Archive Number: 4.657
Status of Thesis: Completed
Date of start: 2020-11-01
This Bachelor thesis is part of the DAAD RISE exchange program including an opportunity to do an internship of several months at Yale University
Deadline for application: Until 1 November 2020, the faster the better
In English : Letter of motivation, CV and current transcript of records
E-Mail to sebastian lins∂kit edu
As it is becoming increasingly challenging to analyze the ever-increasing amounts of generated biomedical data (e.g., CT scans, X-ray images, omics data) using conventional analysis techniques, researchers and practitioners are turning to artificial intelligence (AI) approaches (e.g., deep learning) to analyze their data. Yet, although the application of AI to biomedical data may, in many cases, promise to deliver improved performance and accuracy, extant AI approaches often suffer from opacity. Their sub-symbolic representation of state is often inaccessible and non-transparent to humans, thus limiting researchers and practitioners in fully understanding and therefore trusting the produced outputs.
Trustworthy AI (TAI) builds on the idea that trust provides the foundation of societies, economies, and sustainable development. In such situations, individuals must willingly put themselves at risk or in vulnerable positions by delegating responsibility for actions to another (i.e., trusted) party (e.g., Building trust in AI to reliably and rapidly detect cancer on X-rays). Nevertheless, various perspectives on trust exist in the literature, comprising different dimensions and (partially opposing) interpretations. With that, individuals, organizations, and societies will therefore only ever realize the full potential of AI if trust can be established in its development, deployment, and use.
However, in contrast to conventional medical AI approaches, TAI has the potential to maximize the benefits of AI for Life Science applications (e.g., humans trust in AI-based medical decisions) while at the same time mitigating or even preventing its risks and dangers (e.g., misjudgment, legal compliance, or misuse of personal data).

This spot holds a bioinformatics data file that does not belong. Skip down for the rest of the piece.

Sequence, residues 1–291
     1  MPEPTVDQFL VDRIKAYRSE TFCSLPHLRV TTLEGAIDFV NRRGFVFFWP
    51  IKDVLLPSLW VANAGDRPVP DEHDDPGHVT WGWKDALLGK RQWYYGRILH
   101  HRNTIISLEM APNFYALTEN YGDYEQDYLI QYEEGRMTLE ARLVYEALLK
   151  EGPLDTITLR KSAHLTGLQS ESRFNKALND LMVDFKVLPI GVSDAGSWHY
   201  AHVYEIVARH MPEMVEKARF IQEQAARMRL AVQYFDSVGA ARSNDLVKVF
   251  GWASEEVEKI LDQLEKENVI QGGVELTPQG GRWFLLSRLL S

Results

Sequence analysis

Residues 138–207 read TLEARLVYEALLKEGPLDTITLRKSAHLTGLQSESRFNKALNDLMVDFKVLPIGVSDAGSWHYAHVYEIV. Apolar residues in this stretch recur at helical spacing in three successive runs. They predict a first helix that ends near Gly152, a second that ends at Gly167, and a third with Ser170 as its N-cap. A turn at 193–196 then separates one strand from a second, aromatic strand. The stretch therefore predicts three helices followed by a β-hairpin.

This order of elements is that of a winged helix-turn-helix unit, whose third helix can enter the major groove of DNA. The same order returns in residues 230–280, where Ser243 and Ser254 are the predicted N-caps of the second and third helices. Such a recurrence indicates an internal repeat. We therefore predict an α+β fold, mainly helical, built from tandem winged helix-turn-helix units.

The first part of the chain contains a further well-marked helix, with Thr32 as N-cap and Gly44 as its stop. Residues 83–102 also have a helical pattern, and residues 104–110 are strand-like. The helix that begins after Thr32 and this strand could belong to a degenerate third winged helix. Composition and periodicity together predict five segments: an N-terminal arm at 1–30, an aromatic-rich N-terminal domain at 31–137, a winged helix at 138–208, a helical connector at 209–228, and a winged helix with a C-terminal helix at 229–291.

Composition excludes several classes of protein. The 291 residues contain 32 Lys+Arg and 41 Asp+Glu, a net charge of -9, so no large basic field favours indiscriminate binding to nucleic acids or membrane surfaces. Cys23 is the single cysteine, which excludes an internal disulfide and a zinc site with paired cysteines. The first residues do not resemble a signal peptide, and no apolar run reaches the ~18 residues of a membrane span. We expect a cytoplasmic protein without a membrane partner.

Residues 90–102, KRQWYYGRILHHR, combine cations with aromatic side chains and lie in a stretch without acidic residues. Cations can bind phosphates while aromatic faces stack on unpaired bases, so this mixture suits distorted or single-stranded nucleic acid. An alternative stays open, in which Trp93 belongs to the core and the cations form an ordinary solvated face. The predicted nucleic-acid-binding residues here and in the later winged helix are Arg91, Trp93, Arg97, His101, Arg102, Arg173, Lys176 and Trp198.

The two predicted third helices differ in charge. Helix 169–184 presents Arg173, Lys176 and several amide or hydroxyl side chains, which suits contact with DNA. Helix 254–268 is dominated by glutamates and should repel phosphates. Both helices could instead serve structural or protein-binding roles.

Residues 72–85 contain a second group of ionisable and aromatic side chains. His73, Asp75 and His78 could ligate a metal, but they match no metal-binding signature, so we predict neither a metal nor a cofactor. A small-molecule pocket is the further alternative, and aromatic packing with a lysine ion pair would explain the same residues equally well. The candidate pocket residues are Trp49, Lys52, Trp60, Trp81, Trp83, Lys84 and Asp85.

Recent trends in AI research focus on the important TAI principle of explainability. Explainability enables trustworthiness by producing (more) interpretable AI models. These models may maintain high levels of performance and accuracy while simultaneously justifying AI-based treatment and diagnosis decisions in personalized medicine and other applications. Nonetheless, with explainability being only one key aspect of TAI, other principles like the consideration of justice and beneficence cannot be neglected in the context of TAI. Thus, hand in hand with the growing demand for AI-based life science applications, requirements to enable TAI in life science are yet to be determined. To address this pressing gap in research, this research project seeks to answer the following research question (RQ): RQ: What are the key characteristics of trustworthiness in AI-based life science applications?
Lee, J. D.; & See, K. A. (2004). Trust in automation: Designing for appropriate reliance. Human factors, 46(1), 50-80.
Independent High-Level Expert Group on Artificial Intelligence. (2019). Ethics Guidelines for Trustworthy AI. Brussels. European Commission, Retrieved from https://ec.europa.eu/newsroom/dae/document.cfm?doc_id=60419
Holzinger, A.; Biemann, C.; Pattichis, C. S.; & Kell, D. B. (2017). What do we need to build explainable AI systems for the medical domain?. arXiv preprint at https://arxiv.org/abs/1712.09923.
Samek, W.; Wiegand, T.; & Müller, K. R. (2017). Explainable artificial intelligence: Understanding, visualizing and interpreting deep learning models. arXiv preprint at https://arxiv.org/abs/1708.08296.